Of course, mobile programs vary based on state rules and regulations, so it’s imperative to understand your state’s requirements. The bottom line is that mobile dentistry is the “how” in addressing the access to care issue in our country. Mobile dentistry truly is the future for dentistry, and as hygienists we’re in a unique and exciting position to set ourselves and communities on the path toward care and wellness. Learn about the organizations that allow mobile providers to network, support, and learn from one another.

Portable dental equipment

Many mobile practices provide care to their patients through portable equipment. Portable equipment is any equipment transported around to various locations. For someone planning to offer exams and assessments, a chair may be their only necessary equipment. In contrast, a mobile model in a nursing home or assisted living facility will require more equipment, such as a patient chair, a compressor with a magnetostrictive or piezoelectric scaler, and a sterilizer.

There are many things to consider with a school-based program, such as portable equipment to take routine radiographs, which will require sensors, and that can be a big investment. There are several pieces to the mobile puzzle, and that’s where networking with your fellow hygienists becomes critical.


Another exciting aspect of mobile dentistry is teledentistry, which is complementary to the practice of mobile dental and dental hygiene services. It allows the hygienist to see the patient and communicate with a collaborating dentist, whether through synchronous or asynchronous methods. Synchronous teledentistry is done in real time, and asynchronous is the store-and-forward method.

Most mobile programs use asynchronous teledentistry. During COVID-19, many providers are seeing patients via synchronous teledentistry. Shared images may include intraoral images taken with an intraoral camera, images taken with a patient’s phone, and/or radiographs. A picture is worth a thousand words, and this could not be truer than in teledentistry. The ability to send a parent or caregiver a report that includes pictures and highlights the needs of their loved one is crucial in encouraging restorative care. Teledentistry and intraoral images are often the motivating factors in patients completing treatment plans.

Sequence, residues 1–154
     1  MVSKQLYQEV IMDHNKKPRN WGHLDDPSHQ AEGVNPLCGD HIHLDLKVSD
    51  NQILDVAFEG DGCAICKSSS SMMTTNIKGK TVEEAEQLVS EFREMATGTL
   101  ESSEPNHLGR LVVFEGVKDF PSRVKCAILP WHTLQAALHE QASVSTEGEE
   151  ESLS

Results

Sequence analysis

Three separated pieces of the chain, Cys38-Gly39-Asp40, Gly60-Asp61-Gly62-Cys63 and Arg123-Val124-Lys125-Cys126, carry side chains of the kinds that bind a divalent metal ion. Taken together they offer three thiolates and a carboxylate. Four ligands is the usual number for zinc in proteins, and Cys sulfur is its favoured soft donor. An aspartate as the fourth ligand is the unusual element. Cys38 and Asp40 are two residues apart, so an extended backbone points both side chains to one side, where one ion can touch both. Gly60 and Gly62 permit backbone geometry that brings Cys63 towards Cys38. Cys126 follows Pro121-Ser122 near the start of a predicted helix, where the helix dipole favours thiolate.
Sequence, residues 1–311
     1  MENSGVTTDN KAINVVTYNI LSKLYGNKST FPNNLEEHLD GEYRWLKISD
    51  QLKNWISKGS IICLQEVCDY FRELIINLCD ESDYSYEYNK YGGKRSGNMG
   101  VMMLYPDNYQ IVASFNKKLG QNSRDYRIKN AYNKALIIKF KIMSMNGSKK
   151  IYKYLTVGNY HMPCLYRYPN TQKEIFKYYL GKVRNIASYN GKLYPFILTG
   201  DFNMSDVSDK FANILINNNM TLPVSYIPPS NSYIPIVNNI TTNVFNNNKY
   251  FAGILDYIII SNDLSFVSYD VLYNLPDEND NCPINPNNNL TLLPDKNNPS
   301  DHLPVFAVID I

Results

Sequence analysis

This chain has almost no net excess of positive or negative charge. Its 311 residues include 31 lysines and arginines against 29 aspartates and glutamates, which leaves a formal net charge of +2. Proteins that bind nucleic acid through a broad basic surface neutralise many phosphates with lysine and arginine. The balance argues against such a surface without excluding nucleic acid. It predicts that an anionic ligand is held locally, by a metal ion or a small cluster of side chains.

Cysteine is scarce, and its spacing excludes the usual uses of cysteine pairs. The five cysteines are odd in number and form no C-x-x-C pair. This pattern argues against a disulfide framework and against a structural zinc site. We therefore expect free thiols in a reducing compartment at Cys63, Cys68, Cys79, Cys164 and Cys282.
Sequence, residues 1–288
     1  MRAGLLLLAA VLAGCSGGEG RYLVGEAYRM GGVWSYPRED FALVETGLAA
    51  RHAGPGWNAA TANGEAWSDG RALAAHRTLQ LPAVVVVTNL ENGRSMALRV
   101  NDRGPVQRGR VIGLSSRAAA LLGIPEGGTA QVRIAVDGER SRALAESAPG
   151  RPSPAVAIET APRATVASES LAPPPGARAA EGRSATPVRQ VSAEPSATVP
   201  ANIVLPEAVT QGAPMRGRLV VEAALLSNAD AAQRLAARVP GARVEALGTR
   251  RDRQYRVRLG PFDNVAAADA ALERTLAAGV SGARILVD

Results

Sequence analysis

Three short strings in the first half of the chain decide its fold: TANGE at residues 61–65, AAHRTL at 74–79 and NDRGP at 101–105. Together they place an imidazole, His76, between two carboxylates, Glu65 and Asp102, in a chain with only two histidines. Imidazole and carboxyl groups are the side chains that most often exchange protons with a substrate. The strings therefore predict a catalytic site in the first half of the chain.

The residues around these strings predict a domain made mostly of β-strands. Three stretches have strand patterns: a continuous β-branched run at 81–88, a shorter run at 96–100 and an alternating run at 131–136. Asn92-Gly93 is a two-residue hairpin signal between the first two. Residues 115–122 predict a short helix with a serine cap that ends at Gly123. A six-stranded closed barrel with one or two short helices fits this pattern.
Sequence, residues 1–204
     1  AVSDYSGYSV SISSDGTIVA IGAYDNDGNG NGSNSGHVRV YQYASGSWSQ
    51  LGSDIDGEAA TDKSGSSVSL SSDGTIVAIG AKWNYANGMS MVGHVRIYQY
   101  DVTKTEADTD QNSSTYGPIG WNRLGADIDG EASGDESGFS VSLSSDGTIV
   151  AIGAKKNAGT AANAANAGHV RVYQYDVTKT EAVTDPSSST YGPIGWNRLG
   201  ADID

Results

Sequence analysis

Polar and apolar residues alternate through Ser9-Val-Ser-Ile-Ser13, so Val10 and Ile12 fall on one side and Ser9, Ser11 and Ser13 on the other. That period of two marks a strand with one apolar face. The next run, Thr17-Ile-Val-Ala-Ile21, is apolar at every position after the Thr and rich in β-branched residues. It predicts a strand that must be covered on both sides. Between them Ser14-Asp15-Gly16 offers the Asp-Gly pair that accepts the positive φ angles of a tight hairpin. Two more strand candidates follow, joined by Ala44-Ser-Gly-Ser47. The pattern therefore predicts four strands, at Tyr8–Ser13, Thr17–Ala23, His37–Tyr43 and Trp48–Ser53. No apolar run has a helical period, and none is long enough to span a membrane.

Mobile dentistry has an exciting future full of innovators, visionaries, and entrepreneurs who are all creating solutions for patients. Mobile dentistry provides hygienists with the ability to fulfill an entrepreneurial spirit and create the model of care they want for their patients. It is imperative for you to follow your state’s regulations and be transparent with your state board of dentistry. As dental hygienists, we’re in a pivotal position to pave our own way in the mobile dentistry world.

Finding a strong network of mobile dental providers is an asset when starting a mobile practice. There is much success to be found in the mobile dentistry world. If you’re working with the public sector, that success is obvious because many patients would not be able to receive care any other way. Success is clear in the private sector as well, where the goal is to remove as many inconveniences as possible. Mobile dentistry has come a long way in the last five to 10 years, and it’s an exciting time to be in this area of dentistry. The future of mobile dentistry is full of opportunity, and I’m certain that if we are creative with ways to execute care beyond the traditional dental office, we will succeed in providing critical care to our patients and communities.


1. Oral Health. Centers for Disease Control and Prevention. Reviewed May 29, 2019.
2. Vashishtha V, Kote S, Basavaraj P, Singla A, Pandita V, Malhi RK. Reach the unreached–A systematic review on mobile dental units. J Clinical Diagn Res. 2014;8(8):ZE05-ZE08. doi: 10.7860/JCDR/2014/8688.4717
3. de Rosa SF, Moyses SJ, Theis LC, et al. Barriers in access to dental services hindering the treatment of people with disabilities: A systematic review. Int J Dent. 2020;(7). doi: 10.1155/2020/9074618

BROOKE CROUCH, RDH, is a remote supervision dental hygienist with more than a decade of clinical experience in private practice, a state agency, and a federally qualified health center (FQHC). Crouch is an adjunct instructor and mobile dentistry consultant. She is vice president of the American Mobile & Tele­​dentistry Alliance and she serves on several clinical advisory, oral health action, and community-based boards and committees throughout Virginia. Contact her at [email protected] or on her various social media at brookecrouchrdh.